The fast pace of technology growth and propagation across the world has meant a significant shift in the way we conduct our daily activities compared with just a few years ago. The easy access and affordability of smartphones and tablets, along with significantly improved bandwidth in the form of 4G and 5G networks, has meant that a lot of the digital content is consumed on these devices, while on the move. This has also led to a revolution in the publishing industry with the introduction of eBooks. Analysts had once predicted that eBooks would overtake print by 2015. However, this has not translated into hard numbers even as we write this article in 2022. Let’s find out why.
EBooks burst onto the publishing scene with a lot of promise and with a number of advantages compared to traditional print books. You can read eBooks in any light, adjust text size, carry a whole library of books in a single device, purchase and instantly download a book with ease, and much more. However, once the initial euphoria had settled, there were benefits of printed books that experts and the reading public soon discovered.
Studies revealed that reading printed books resulted in better memory retention, comprehension, focus and intelligence. Readers experienced a tangible and perceptible sense of progress as they could sense the paper with their fingers, ‘a pile of pages on the left growing, and shrinking on the right’. The tactile sensation of a printed book and the smell of a freshly opened book added to the experience of reading by using the other senses. In more ways than one, printed books make reading a human experience, associating memories and a sense of nostalgia with them.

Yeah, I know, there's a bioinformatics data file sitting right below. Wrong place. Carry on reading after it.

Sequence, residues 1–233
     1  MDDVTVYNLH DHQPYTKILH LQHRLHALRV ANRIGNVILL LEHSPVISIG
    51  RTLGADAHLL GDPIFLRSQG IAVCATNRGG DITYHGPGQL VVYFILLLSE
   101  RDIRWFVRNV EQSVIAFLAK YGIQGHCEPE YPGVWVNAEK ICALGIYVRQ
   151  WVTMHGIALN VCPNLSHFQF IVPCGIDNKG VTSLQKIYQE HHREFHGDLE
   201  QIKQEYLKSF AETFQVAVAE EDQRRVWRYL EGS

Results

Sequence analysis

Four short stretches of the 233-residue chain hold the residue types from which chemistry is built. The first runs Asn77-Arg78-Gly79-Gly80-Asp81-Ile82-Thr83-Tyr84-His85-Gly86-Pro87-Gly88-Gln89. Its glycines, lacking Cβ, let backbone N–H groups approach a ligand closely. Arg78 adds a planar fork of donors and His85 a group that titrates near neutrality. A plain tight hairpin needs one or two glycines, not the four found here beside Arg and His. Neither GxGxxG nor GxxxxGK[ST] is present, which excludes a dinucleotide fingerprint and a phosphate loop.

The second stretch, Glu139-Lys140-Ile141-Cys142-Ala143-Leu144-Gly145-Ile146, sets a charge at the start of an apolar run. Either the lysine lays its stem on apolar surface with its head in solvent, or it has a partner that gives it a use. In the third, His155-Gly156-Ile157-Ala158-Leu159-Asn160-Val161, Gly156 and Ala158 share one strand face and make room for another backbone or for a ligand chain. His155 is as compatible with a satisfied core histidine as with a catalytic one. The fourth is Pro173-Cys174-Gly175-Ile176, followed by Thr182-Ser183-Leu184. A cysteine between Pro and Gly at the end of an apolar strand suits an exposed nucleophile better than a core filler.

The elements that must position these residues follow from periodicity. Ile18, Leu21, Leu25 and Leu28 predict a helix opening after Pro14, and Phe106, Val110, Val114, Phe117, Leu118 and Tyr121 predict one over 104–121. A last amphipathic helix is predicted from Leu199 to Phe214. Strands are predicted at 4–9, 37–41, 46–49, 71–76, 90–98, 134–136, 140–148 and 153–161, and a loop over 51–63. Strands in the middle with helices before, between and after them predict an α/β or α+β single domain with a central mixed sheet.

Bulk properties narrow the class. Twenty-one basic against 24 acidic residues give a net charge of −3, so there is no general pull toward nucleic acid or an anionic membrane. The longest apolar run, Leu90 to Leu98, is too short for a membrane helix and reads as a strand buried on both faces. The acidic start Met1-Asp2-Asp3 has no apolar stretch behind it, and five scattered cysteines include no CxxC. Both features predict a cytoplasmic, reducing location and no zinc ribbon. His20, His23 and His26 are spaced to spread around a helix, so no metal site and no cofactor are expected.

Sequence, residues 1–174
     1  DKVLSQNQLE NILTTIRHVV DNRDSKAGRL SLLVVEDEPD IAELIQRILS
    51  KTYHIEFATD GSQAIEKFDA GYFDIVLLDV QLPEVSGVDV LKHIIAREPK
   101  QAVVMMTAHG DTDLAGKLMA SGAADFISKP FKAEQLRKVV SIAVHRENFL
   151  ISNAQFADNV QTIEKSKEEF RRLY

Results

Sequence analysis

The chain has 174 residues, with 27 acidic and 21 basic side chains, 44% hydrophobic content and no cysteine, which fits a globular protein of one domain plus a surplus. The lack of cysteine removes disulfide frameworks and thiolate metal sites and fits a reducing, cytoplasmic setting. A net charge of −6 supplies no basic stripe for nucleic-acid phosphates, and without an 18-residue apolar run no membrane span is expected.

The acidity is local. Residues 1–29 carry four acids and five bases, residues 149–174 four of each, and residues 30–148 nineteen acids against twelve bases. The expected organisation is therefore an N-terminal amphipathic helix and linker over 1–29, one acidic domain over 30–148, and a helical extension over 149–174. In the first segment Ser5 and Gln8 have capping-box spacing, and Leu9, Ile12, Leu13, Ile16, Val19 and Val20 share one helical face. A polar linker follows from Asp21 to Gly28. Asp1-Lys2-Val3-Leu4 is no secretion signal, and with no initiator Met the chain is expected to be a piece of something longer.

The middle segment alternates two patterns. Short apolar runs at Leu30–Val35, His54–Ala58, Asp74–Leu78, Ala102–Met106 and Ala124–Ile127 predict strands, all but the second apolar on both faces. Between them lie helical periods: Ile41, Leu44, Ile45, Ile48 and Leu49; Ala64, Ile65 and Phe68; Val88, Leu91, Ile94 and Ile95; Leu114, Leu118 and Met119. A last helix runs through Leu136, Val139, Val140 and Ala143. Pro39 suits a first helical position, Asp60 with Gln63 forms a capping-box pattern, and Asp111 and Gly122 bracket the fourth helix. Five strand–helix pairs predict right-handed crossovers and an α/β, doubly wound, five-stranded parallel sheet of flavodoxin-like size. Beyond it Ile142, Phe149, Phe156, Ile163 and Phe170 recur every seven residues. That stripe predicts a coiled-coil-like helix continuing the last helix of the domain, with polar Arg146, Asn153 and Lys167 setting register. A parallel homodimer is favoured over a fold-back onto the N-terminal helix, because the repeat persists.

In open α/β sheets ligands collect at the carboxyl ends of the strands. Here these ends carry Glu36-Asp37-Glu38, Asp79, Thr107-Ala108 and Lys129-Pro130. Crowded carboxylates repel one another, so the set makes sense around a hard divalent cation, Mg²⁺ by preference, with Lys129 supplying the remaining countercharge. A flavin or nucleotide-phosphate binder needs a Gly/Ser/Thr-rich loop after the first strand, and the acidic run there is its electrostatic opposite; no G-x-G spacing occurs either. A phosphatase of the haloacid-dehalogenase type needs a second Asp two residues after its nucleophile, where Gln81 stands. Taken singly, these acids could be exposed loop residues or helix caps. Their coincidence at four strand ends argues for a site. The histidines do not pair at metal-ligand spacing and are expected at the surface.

Another reason for eBooks not taking over the reading landscape as initially anticipated is the adverse impact of prolonged exposure to digital screens. The high levels of screen and artificial light exposure led to marked visual fatigue, eye strain, sleep disorders, shortened attention span and several other noticeable adverse physical and psychological effects.
On a lighter note, printed books don’t need batteries and readers don’t need to worry about charging a device to continue reading. Nor do they need to worry about network signal strength and access to the internet.
EBooks and printed books have their respective pros and cons, and each may become a preferred choice in a specific situation. However, with the increasing exposure of children and adults to digital screens for most forms of entertainment, printed books are a perfect world away from the ill-effects of technology and definitely a better way of learning.
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